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Why stop at 100? The case for perpetuities

Summary:
Issue 100-year Treasurys, advocates the Wall Street Journal.  It mentions a short note deep on the Treasury website thatTreasury’s Office of Debt Management is conducting broad outreach to refresh its understanding of market appetite for a potential Treasury ultra-long bond (50- or 100-year bonds). My 2 cents: Why stop at 100? Issue perpetuities! (I wrote a whole paper on this a while ago, ...

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Issue 100-year Treasurys, advocates the Wall Street Journal.  It mentions a short note deep on the Treasury website that
Treasury’s Office of Debt Management is conducting broad outreach to refresh its understanding of market appetite for a potential Treasury ultra-long bond (50- or 100-year bonds). 
My 2 cents: Why stop at 100? Issue perpetuities! 

(I wrote a whole paper on this a while ago, if you want lots of detail and answers to practical questions. Unfortunately the Treasury website does not say how to send in suggestions, and nobody outreached to me, so this blog post is it.)

Perpetuities are bonds with no principal payment. Each perpetuity pays $1 forever.  If interest rates are 3%, to borrow $100, the government would sell three perpetuities, and then pay investors $3 each year. When the government wants to pay back the debt, it simply buys back the perpetuities on the open market.

A 100 year bond is almost a perpetuity. If the government issues a $100 100 year bond at 3%, only 100/(1.03)^100 = $5.20 of that value comes from the $100 principal payment. 95% of the value of a 100 year bond is already in the stream of coupons. For the investor, they are practically the same security. In particular they have nearly the same sensitivity to interest rate changes.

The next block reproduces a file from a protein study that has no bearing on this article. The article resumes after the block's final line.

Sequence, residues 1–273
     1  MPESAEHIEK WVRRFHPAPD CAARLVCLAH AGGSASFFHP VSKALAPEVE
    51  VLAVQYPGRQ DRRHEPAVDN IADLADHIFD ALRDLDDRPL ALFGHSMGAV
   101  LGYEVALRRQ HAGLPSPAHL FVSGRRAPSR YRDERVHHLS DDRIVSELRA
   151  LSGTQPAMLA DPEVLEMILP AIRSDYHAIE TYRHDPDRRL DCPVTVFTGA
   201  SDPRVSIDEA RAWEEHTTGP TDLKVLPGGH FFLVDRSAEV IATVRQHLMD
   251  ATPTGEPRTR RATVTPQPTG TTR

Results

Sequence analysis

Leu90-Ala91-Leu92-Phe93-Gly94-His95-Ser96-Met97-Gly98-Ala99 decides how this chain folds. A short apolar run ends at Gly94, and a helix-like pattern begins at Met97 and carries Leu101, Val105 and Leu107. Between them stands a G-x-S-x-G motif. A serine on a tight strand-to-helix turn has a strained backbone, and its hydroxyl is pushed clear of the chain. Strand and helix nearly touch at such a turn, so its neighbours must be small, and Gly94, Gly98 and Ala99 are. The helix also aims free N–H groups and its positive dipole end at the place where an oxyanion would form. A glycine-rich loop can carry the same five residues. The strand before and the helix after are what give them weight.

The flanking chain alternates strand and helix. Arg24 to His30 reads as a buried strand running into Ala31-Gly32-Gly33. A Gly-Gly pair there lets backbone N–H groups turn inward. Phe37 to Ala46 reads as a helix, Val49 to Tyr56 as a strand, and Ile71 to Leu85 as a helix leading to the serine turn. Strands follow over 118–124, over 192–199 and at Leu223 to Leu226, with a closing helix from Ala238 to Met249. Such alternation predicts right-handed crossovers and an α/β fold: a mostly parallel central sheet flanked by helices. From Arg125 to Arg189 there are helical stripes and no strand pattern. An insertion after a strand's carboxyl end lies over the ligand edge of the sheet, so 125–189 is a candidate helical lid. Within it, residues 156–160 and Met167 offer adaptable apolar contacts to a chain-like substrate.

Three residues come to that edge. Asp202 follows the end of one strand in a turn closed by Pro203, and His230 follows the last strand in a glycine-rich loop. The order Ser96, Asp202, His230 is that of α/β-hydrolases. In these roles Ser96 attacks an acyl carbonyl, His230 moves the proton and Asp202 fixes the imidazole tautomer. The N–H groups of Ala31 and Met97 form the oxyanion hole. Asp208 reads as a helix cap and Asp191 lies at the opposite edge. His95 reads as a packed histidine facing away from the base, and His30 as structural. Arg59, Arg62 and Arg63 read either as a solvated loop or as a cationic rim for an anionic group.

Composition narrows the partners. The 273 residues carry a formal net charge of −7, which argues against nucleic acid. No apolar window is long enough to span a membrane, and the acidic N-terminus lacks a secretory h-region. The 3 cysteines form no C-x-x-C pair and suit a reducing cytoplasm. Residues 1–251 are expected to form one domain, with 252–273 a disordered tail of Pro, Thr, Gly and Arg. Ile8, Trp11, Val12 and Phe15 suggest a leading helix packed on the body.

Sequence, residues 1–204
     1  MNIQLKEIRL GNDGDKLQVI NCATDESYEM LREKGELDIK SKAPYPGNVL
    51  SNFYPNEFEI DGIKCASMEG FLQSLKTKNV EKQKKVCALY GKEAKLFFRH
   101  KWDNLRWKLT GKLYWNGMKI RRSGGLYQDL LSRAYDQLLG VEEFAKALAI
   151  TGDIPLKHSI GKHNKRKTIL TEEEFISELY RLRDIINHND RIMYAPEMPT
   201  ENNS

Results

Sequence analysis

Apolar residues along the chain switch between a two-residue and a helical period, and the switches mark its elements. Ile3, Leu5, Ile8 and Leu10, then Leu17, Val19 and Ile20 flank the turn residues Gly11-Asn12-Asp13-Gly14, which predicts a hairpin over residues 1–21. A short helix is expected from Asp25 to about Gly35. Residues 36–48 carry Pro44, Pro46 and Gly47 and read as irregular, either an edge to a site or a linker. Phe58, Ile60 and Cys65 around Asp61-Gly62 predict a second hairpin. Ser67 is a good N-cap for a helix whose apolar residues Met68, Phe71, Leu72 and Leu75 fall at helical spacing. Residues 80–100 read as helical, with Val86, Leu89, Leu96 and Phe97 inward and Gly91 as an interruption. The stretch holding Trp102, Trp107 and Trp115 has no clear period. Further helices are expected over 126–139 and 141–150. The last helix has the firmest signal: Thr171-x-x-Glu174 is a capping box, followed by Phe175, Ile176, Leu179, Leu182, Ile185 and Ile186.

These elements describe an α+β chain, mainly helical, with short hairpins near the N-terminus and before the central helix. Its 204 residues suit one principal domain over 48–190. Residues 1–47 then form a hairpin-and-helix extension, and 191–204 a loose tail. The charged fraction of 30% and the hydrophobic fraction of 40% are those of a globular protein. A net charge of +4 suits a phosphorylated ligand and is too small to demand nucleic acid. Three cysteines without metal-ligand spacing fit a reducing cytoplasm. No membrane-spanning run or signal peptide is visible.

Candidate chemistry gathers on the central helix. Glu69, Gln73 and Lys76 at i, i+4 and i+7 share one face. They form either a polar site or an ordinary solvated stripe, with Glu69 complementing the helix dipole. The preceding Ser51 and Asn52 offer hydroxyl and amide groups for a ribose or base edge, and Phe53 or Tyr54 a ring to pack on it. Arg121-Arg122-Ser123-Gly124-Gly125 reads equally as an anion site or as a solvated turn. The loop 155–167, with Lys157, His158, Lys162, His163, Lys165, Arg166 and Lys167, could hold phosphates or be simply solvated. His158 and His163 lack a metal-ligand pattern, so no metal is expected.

But perpetuities are better. Most of all: Perpetuities would be much more liquid -- easy to buy, sell, and use as collateral.  The reason is simple. Once 100 year bonds get going, there would be 100 separate and distinct issues outstanding. The 2123 2.6% 100 year bond is a different bond from the 2124 2.7% 100 year bond. If a dealer has an order for the first and an offer for the second, he or she cannot make the trade. If you borrow and sell short the first, you cannot deliver the second in return. This segmentation would make the markets for each bond thinner, and the bid ask spread larger. It would keep a lot of dealers and traders and market makers needlessly in business, which may  be one good reason the financial industry seems largely against the idea.

Perpetuities, by contrast, are a single security. When the government borrows more next year, it is borrowing more of the same security.  There is one, thick, transparent, low-spread market.

A more liquid market would pay lower rates.  Much of the point is for the government to borrow at low rates. Much of the reason government debt has such low interest rates is that it is very liquid -- easy to buy and sell, the "safe haven" in bad  times and so forth. Government debt is somewhat like money, and like money pays less interest in return for its liquidity. Well, then, the more liquid the better!

A 100 year bond would make sense if there were a group of investors sitting around who really wanted to have $3 coupons for 100 years, and then $100 exactly in 100 years, not 101 years, and they were not planning to buy or sell in the meantime. That is not remotely the case. Long term bonds are actively traded. Perpetuities match the varied investment horizons of ultimate investors, and by being more liquid are more flexible.

There is plenty of historical precedent. Perpetuities actually came before long-term bonds. They were the cornerstone of UK finance for the entire 19th century.

One can raise a bunch of practical objections, and if you have them go check out the paper.